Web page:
3D Face Recognition
We have developed a 3D Face Recognition system, which uses the three-dimensional geometric structure of human faces to perform identification and verification, regardless of facial orientation and lighting conditions.
Despite significant advances in face recognition technology, it has yet to be put to wide use in commerce or industry, primarily because the error rates of existing face recognition systems are too high for many of the applications in mind. The reasons for these high error rates stem from a number of sub-problems.
Face recognition systems are highly sensitive to the environmental circumstances under which the images being compared are captured. In particular, changes in lighting conditions can increase both false rejection rates (FRR) and false acceptance rates (FAR).
Another problem is associated with facial orientation and angle of image capture. When standard 2D intensity images are used, in order to achieve low error rates, it is necessary to maintain a consistent facial orientation (preferably a frontal parallel perspective) for both the query image and gallery image. Even small changes in facial orientation can reduce the effectiveness of the system.
This situation is
worsened by the fact that people’s facial expressions can change from one
image to another, increasing the chance of a false rejection.
The result is that in order to produce secure site access systems, it
is necessary to specify a required facial expression (usually neutral).
However, this approach then removes one of the key advantages of face
recognition i.e. no need for subject co-operation, rendering such a system
unsuitable for surveillance applications.
We suggest that three-dimensional facial surface data could be used to combat the problems mentioned above. Firstly, appearance based methods (using two-dimensional intensity data) are more susceptible to lighting conditions, than feature based methods (taken from three-dimensional geometric data). The problem of facial orientation can also be compensated for, as the facial surface can be rotated in three-dimensional space, such that the orientation of the query model matches that of the gallery model. The additional geometrical measurements, together with the colour and texture data, are sufficiently information rich to allow variability in facial expression, while still maintaining a low false acceptance rate.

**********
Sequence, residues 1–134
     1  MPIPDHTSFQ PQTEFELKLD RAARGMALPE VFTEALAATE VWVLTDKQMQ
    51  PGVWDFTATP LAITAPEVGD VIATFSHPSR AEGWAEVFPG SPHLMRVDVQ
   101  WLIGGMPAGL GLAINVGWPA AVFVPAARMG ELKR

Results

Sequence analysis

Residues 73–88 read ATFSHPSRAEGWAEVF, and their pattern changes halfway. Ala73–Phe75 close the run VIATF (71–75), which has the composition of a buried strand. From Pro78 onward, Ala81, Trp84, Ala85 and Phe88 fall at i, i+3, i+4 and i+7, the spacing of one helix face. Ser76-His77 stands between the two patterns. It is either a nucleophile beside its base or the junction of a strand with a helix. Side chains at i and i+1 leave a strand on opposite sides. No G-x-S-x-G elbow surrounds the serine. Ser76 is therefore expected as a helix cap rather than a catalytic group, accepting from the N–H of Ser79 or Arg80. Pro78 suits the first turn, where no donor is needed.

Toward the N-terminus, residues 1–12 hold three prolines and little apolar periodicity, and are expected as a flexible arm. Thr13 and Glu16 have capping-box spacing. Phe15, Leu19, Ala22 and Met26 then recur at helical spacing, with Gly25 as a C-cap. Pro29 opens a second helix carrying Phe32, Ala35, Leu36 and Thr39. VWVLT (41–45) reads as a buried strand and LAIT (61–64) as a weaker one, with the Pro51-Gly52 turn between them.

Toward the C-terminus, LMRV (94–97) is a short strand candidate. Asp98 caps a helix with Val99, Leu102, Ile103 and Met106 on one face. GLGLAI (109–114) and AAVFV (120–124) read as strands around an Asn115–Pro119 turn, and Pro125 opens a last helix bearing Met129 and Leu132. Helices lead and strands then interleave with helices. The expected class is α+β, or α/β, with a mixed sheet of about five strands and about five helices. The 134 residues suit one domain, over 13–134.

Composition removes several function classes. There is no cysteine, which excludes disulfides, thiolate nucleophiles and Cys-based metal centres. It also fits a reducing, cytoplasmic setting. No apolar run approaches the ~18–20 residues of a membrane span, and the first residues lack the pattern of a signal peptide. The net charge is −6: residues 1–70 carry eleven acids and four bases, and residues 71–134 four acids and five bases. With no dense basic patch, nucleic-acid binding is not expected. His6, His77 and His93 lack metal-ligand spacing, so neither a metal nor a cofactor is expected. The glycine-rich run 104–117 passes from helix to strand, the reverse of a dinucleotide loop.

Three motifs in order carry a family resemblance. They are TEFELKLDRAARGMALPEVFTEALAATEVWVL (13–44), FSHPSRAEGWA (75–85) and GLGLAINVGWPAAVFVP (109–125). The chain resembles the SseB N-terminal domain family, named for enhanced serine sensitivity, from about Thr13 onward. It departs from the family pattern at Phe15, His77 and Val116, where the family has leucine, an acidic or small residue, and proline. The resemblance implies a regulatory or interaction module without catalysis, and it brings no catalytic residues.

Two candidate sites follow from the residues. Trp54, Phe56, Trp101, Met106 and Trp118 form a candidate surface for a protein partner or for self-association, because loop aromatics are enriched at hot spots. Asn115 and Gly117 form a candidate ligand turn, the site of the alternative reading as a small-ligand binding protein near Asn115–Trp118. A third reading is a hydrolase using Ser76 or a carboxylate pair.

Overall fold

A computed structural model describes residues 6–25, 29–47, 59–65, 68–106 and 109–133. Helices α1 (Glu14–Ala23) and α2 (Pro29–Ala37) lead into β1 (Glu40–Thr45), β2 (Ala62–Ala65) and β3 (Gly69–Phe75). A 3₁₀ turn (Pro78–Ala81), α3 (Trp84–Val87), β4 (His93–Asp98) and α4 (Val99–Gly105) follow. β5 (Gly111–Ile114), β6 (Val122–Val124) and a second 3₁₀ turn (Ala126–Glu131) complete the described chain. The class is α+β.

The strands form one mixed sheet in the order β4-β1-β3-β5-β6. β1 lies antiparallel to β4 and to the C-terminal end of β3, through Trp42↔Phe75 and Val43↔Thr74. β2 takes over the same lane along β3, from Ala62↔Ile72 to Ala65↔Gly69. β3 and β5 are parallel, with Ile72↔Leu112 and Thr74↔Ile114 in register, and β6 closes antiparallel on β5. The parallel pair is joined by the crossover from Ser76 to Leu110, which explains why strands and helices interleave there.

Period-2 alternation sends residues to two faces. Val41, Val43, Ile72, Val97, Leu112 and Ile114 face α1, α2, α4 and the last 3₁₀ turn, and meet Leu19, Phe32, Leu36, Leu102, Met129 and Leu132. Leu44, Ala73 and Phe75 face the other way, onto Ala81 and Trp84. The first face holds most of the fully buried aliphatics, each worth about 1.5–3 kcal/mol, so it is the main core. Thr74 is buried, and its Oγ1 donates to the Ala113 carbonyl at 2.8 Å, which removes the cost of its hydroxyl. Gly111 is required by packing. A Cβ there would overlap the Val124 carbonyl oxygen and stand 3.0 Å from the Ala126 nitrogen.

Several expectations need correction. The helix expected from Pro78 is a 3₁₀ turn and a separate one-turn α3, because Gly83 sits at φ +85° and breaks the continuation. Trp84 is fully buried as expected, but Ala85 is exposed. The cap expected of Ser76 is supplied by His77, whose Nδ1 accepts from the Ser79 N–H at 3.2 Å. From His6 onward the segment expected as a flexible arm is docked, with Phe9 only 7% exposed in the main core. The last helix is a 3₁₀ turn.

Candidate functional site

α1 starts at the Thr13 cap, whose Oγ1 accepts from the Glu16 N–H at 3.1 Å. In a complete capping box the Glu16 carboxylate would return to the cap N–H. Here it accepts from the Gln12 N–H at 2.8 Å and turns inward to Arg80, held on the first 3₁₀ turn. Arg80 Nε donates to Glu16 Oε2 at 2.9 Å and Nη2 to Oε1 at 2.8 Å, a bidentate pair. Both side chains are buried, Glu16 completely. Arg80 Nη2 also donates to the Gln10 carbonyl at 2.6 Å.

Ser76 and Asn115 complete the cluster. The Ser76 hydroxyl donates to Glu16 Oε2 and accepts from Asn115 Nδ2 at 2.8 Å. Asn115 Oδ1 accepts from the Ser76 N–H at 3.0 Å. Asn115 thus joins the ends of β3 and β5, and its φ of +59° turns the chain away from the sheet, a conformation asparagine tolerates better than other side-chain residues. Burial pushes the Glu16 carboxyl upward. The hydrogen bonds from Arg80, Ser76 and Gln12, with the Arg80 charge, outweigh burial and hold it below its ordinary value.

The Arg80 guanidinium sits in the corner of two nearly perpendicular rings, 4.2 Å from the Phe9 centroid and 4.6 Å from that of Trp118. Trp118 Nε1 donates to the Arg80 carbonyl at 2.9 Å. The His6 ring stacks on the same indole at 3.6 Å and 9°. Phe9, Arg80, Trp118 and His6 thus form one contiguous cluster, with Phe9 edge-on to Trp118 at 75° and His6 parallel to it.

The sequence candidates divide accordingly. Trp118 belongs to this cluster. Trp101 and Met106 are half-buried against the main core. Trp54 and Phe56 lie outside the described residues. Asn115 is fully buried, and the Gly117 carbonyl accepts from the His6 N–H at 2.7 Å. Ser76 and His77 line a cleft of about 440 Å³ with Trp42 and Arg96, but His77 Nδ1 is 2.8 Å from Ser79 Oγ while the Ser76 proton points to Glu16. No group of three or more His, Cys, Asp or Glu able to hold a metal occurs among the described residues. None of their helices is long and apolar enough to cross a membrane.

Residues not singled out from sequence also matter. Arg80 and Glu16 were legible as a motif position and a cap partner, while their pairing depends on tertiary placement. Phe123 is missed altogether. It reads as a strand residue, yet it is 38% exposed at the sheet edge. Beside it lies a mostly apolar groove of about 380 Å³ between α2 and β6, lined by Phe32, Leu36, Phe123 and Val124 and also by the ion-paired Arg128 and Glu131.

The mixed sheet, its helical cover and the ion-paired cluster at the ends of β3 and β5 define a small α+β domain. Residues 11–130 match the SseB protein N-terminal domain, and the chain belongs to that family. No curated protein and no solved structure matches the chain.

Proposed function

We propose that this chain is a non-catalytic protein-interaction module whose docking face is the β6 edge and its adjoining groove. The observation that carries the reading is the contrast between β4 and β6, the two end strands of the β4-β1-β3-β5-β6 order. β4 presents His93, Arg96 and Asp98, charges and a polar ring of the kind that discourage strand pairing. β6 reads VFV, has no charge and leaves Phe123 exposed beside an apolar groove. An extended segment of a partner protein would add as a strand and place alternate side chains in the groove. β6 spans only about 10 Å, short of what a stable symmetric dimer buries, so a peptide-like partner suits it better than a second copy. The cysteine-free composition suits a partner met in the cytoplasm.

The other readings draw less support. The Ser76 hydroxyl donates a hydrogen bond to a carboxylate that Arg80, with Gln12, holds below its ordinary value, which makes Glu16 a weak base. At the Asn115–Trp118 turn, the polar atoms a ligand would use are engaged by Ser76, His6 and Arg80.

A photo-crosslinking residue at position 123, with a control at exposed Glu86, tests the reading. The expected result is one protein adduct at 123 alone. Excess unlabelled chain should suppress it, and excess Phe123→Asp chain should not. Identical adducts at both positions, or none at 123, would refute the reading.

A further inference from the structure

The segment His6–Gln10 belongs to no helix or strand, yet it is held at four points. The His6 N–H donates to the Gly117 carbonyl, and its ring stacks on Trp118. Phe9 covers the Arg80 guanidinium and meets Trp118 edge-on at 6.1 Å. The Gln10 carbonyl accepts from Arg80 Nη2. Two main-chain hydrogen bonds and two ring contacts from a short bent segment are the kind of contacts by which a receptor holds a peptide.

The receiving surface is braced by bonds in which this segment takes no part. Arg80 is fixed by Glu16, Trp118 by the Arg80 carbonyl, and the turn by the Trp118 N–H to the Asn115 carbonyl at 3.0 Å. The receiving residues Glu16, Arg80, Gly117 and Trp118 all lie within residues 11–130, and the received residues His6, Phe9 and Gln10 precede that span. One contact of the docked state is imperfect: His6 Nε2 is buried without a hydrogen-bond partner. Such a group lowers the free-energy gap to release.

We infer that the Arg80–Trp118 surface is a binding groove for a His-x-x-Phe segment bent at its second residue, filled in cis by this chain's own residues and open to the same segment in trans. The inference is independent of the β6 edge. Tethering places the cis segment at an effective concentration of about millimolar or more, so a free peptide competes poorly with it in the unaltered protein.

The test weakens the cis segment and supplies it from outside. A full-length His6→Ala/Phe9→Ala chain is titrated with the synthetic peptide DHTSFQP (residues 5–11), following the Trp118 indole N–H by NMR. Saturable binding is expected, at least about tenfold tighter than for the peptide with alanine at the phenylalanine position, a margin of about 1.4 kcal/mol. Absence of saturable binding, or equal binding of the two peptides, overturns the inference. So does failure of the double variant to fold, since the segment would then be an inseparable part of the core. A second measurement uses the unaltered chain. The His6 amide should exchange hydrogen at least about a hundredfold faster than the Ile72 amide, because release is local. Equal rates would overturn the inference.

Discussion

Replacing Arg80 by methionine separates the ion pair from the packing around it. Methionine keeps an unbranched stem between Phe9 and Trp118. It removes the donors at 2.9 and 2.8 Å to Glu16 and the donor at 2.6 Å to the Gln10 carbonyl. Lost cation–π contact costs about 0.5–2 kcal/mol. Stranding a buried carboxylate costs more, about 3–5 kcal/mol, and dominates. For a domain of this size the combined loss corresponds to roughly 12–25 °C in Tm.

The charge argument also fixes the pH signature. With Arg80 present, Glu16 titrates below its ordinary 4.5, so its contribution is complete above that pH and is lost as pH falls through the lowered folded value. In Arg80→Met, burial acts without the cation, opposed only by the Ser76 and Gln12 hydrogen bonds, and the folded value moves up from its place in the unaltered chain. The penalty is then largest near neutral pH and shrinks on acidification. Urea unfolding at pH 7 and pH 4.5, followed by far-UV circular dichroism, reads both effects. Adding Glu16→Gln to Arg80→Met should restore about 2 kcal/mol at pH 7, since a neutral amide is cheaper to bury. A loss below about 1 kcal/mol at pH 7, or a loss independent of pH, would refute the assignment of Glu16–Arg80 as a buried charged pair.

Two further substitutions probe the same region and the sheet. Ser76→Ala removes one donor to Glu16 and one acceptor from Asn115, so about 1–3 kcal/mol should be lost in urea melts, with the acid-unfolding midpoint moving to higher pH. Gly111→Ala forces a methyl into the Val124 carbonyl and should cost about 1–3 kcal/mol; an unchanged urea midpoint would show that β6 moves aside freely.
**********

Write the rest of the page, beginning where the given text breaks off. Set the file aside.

Until recently, methods of 3D capture have usually required the use of laser scanning equipment. Such equipment, although highly accurate, is not suitable for some of the application scenarios in mind. Firstly, laser scanning may damage the eye, plus a scan can take several seconds to complete, requiring the subject to remain perfectly still during this time. For these reasons three-dimensional face recognition has remained relatively unexplored. The research that has been carried out has had to rely on a very limited amount of facial surface data or used a single generic facial surface to enhance existing two-dimensional approaches. Other systems attempt to extract 3D structure information from 2D images using shape from shading approaches. However, the emergence of new 3D capture devices, has allowed development of true 3D face recognition.
Below are three examples of the 3D facial surface data stored in our 3D Face Database, captured in various lighting conditions, with and without texture mapping.
The next stage in our research requires the expansion of our current 3D face data to include a much larger test set. Several departments at the University of York, together with external collaboration, are currently involved in a large-scale data acquisition project, populating a 3D Face Database with facial models captured under a much wider variety of conditions. This new database is intended to provided a platform for testing 3D face recognition systems on a scale to match those carried out on the 2D FERET (Face Recognition Technology) database in the FRVT (Face Recognition Vendor Tests).
The 3D Face Database
3D Face Recognition - Graph
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